The Society of Children’s Book Writers and Illustrators is the largest and most active society for children’s writers and artists in the US and abroad. They have chapters in each state (some smaller regions combine states) and throw two huge national conferences a year, NYC in late January and LA in late July/early August. The SCBWI is a very passionate group of writers, authors, artists, and volunteers and they also throw regional events with agents and editors. You can also connect with other members on their website, come to events and get professional critique, and otherwise better your craft in a huge and welcoming community. There is an annual fee to be a SCBWI member.
Here are recommended books about the publishing marketplace, the craft of writing and my favorite books in the three age ranges.
These books list agents, publishers, magazines, and other publication opportunities. Some are specific to children’s writers, others aren’t. The Writer’s Market books are also available online in a searchable database that you can join instead: www.writersmarket.com.
CHILDREN’S WRITER’S AND ILLUSTRATOR’S MARKET edited by Alice Pope (through 2011) and then Chuck Sambuchino (Writers Digest Books, updated every year)
GUIDE TO LITERARY AGENTS edited by Chuck Sambuchino (Writers Digest Books, updated every year)
WRITER’S MARKET edited by Robert Lee Brewer (Writers Digest Books, updated every year)
Books on the craft and art of writing. All of these are worth a careful read.
BIRD BY BIRD by Anne Lamott (Anchor, 1995)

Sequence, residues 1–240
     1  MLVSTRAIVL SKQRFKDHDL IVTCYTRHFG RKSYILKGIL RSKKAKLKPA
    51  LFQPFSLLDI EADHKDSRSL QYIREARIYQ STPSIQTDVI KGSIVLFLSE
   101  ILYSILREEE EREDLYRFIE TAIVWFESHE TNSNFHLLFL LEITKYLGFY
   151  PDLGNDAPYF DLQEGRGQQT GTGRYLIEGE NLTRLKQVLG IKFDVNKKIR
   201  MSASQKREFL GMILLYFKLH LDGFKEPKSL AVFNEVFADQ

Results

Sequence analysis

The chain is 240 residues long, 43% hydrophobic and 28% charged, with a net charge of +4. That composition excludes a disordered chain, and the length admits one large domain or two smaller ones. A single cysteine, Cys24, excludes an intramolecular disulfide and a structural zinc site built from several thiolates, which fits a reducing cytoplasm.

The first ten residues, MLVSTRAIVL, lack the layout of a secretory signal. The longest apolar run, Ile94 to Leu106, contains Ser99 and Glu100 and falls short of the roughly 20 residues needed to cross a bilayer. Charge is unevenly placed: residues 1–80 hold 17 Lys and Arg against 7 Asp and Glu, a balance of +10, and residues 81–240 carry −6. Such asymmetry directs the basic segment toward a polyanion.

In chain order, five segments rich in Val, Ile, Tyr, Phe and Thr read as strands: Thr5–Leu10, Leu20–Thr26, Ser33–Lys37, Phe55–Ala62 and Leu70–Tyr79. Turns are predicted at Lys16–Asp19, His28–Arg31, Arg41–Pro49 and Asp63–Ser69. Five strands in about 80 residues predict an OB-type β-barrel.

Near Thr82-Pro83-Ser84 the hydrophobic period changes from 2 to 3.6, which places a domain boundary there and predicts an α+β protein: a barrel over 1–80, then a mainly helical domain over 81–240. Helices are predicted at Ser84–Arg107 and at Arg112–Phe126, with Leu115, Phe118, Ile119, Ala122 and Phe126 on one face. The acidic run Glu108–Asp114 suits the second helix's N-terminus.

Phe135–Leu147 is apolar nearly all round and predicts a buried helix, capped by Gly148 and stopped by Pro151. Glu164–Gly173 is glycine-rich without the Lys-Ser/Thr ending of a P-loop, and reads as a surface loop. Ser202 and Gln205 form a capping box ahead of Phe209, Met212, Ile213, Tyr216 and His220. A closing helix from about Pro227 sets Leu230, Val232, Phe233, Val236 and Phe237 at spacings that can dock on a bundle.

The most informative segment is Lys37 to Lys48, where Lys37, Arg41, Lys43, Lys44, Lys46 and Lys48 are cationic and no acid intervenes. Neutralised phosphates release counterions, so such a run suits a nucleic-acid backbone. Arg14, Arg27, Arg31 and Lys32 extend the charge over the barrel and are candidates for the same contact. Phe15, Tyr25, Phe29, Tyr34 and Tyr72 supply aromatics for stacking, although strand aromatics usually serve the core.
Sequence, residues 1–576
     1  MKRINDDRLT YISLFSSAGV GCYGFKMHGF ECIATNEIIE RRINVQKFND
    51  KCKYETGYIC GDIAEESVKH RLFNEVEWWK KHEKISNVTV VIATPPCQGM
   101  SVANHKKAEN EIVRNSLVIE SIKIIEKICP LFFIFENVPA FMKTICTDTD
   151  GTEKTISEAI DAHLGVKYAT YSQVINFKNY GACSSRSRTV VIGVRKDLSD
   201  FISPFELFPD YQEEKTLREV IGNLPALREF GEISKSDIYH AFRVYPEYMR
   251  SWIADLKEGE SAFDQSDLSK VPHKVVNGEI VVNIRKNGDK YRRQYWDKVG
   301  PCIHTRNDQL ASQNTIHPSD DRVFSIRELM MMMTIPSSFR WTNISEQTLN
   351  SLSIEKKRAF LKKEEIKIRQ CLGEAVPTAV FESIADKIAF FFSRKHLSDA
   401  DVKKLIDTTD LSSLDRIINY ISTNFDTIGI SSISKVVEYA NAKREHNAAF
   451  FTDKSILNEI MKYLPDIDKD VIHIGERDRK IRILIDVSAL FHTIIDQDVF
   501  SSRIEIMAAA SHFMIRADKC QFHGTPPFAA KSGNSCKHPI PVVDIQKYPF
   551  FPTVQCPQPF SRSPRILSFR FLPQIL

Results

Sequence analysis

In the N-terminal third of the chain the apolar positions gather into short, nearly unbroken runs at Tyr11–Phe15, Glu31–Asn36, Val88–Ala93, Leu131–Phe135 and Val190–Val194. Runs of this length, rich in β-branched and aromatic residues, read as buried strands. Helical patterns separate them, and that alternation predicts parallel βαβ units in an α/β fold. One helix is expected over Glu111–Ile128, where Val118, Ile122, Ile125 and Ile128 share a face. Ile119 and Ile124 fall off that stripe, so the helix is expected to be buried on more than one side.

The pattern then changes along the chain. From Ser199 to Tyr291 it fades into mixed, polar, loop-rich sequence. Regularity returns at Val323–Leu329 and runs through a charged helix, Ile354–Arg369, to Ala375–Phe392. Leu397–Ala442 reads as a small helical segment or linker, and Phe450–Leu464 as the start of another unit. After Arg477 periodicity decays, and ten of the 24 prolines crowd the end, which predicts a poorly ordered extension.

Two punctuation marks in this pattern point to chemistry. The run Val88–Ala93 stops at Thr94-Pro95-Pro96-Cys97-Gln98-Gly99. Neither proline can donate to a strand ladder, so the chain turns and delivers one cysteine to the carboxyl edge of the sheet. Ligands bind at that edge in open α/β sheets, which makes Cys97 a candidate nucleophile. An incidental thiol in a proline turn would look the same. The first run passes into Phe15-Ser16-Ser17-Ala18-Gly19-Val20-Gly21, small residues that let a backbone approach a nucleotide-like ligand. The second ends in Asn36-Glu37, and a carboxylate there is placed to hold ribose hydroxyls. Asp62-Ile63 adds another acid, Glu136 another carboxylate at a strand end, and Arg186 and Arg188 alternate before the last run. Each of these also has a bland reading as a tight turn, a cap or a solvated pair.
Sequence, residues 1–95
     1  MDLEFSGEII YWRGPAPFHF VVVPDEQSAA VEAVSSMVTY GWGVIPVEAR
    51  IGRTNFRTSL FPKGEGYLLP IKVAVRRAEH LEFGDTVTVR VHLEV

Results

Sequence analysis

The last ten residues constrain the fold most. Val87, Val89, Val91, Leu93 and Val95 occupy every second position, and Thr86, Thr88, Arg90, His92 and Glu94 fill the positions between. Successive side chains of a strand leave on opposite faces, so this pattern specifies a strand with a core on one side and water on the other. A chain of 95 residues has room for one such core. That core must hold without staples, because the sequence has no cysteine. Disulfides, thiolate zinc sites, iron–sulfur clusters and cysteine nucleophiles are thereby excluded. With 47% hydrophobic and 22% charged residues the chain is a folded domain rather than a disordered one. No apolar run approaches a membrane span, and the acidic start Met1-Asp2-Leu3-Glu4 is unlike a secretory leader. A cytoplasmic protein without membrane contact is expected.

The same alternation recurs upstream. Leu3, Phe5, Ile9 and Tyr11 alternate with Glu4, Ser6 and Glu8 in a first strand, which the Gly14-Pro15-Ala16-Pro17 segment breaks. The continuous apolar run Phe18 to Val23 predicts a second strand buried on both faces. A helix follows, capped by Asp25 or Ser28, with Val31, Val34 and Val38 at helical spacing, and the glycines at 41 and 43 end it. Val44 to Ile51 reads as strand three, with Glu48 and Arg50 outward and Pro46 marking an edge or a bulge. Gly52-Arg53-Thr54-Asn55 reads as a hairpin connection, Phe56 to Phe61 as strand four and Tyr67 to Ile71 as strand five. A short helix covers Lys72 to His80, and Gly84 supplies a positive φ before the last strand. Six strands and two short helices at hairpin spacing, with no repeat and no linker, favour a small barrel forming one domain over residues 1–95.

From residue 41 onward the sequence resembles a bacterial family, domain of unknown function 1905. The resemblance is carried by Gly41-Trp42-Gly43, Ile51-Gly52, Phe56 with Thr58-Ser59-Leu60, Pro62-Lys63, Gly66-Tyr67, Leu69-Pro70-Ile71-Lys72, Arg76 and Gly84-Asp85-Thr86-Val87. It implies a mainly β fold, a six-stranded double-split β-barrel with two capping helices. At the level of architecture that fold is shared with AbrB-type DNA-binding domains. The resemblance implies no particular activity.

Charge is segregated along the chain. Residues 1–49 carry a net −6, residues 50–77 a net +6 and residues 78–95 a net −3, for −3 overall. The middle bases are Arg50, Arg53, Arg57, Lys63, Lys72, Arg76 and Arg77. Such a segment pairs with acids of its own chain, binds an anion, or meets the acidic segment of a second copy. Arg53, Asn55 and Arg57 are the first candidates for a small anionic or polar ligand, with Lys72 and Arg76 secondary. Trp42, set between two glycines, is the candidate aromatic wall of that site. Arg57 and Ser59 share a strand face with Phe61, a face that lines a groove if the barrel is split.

ON WRITING by Stephen King (Scribner, 10th anniversary ed. 2010)
REVISION AND SELF-EDITING by James Scott Bell (Writers Digest Books, 2008)
SPILLING INK by Anne Mazer and Ellen Potter (read my review)
WRITING GREAT BOOKS FOR YOUNG ADULTS by Regina Brooks (read my review)
WRITING THE BREAKOUT NOVEL by Donald Maass (Writers Digest Books, 2002)
Books for readers ages 3-5 and 5-7. Some of my absolute favorites in terms of both art and text.
Anything by Oliver Jeffers, Amy Krause Rosenthal (I love LITTLE OINK*), Mac Barnett (I love GUESS AGAIN*), Peter Brown, Marla Frazee (check out the brand new BOSS BABY, I love it!), Adam Rex, and Mo Willems.
HARRY AND HORSIE by Katie Van Camp and Lincoln Agnew (Balzer + Bray/HarperCollins, 2009)
BUBBLE TROUBLE* by Margaret Mahy and Polly Dunbar (Houghton Mifflin, 2009)
THE ARRIVAL by Shaun Tan (Arthur A. Levine/Scholastic, 2007)
RED SINGS FROM TREETOPS by Joyce Sidman and Pamela Zagarenski (Houghton Mifflin, 2009)
MAGIC BOX by Katie Cleminson (Hyperion, 2009)
KITTEN’S FIRST FULL MOON by Kevin Henkes (Greenwillow/HarperCollins, 2004)
DIARY OF A WOMBAT by Jackie French and Bruce Whatley (Clarion, 2003)
MATHILDA AND THE ORANGE BALLOON by Randall de Seve and Jen Corace (Balzer + Bray/HarperCollins, 2010)
BEAVER IS LOST by Elisha Cooper (Schwartz & Wade/Random House, 2010)